Workers could be exposed to unnecessary risk of injury if Britain’s health and safety regulations are watered down, the Association of Personal Injury Lawyers (APIL) has warned.
APIL has spoken out after it responded to the Department for Work and Pensions’ review of health and safety legislation.
APIL vice-president Karl Tonks said:
“Any assault on health and safety, in a bid to cut back on what is perceived to be too much regulation, is a shot at the wrong target. All that’s needed is to ensure people understand the existing rules properly and apply them with common sense.
“The number of deaths in the workplace has fallen by 73% since the Health and Safety at Work Act took effect in 1974. The regulations have clearly helped save lives and protect workers from needless injury.”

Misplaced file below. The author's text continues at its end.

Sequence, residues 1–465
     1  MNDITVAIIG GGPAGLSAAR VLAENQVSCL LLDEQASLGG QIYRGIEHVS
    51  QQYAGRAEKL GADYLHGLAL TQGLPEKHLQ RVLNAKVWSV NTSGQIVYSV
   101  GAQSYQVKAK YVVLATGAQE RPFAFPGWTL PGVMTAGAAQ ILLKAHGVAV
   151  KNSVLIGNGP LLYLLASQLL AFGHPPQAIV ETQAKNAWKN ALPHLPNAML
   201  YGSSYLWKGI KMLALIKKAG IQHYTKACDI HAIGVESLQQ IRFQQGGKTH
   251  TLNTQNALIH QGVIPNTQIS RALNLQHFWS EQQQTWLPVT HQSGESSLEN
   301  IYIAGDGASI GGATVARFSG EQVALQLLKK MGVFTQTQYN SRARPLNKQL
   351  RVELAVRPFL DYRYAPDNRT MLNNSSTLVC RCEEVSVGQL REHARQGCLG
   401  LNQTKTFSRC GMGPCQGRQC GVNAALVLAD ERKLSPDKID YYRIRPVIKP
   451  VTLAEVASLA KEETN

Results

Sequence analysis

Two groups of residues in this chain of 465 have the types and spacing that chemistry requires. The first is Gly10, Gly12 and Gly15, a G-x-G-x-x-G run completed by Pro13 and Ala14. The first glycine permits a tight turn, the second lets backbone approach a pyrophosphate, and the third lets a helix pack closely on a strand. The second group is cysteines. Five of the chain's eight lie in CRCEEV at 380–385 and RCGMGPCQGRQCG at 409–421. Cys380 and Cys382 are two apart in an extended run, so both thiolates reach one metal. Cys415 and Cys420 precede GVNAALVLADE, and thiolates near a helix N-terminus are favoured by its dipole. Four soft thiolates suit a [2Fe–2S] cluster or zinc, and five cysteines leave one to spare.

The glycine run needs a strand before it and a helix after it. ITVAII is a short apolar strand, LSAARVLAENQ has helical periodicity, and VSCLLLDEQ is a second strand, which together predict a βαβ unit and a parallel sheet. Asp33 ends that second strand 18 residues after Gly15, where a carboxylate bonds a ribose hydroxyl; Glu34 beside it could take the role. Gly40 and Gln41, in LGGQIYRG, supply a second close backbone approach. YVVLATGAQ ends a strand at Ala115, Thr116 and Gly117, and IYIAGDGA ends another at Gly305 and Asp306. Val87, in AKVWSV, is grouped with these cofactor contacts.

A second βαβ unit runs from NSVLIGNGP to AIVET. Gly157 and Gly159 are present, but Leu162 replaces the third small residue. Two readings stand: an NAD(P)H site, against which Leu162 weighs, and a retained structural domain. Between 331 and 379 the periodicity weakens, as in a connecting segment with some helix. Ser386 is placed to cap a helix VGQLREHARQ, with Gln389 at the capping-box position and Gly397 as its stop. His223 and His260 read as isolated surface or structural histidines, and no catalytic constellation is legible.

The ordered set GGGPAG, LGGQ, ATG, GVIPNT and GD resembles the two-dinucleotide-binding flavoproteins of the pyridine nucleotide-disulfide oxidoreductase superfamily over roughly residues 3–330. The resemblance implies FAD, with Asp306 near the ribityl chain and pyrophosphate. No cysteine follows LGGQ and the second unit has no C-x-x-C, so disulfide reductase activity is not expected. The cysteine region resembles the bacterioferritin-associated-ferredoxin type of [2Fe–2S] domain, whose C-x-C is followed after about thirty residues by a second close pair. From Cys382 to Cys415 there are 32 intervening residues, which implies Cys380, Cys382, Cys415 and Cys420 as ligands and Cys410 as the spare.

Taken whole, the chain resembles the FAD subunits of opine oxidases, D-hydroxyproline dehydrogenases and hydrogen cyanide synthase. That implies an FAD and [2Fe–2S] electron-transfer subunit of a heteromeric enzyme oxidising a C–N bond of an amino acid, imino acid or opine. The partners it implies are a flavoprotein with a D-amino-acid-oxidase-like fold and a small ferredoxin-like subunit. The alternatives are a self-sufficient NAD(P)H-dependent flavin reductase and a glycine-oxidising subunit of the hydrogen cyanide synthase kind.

As part of its response, APIL submitted that the levels of expertise a health and safety consultant has should be officially recognised with a kitemark. This would allow an employer to know whether or not he is being given the best possible advice.
Mr Tonks added:
“Health and safety should not be seen as a burden, but as a way of helping to ensure that people who turn up for an honest day’s work are not unnecessarily injured. If you cut the negligence, you cut the harm to workers. Not only does it make moral sense, but it makes economic sense too.”
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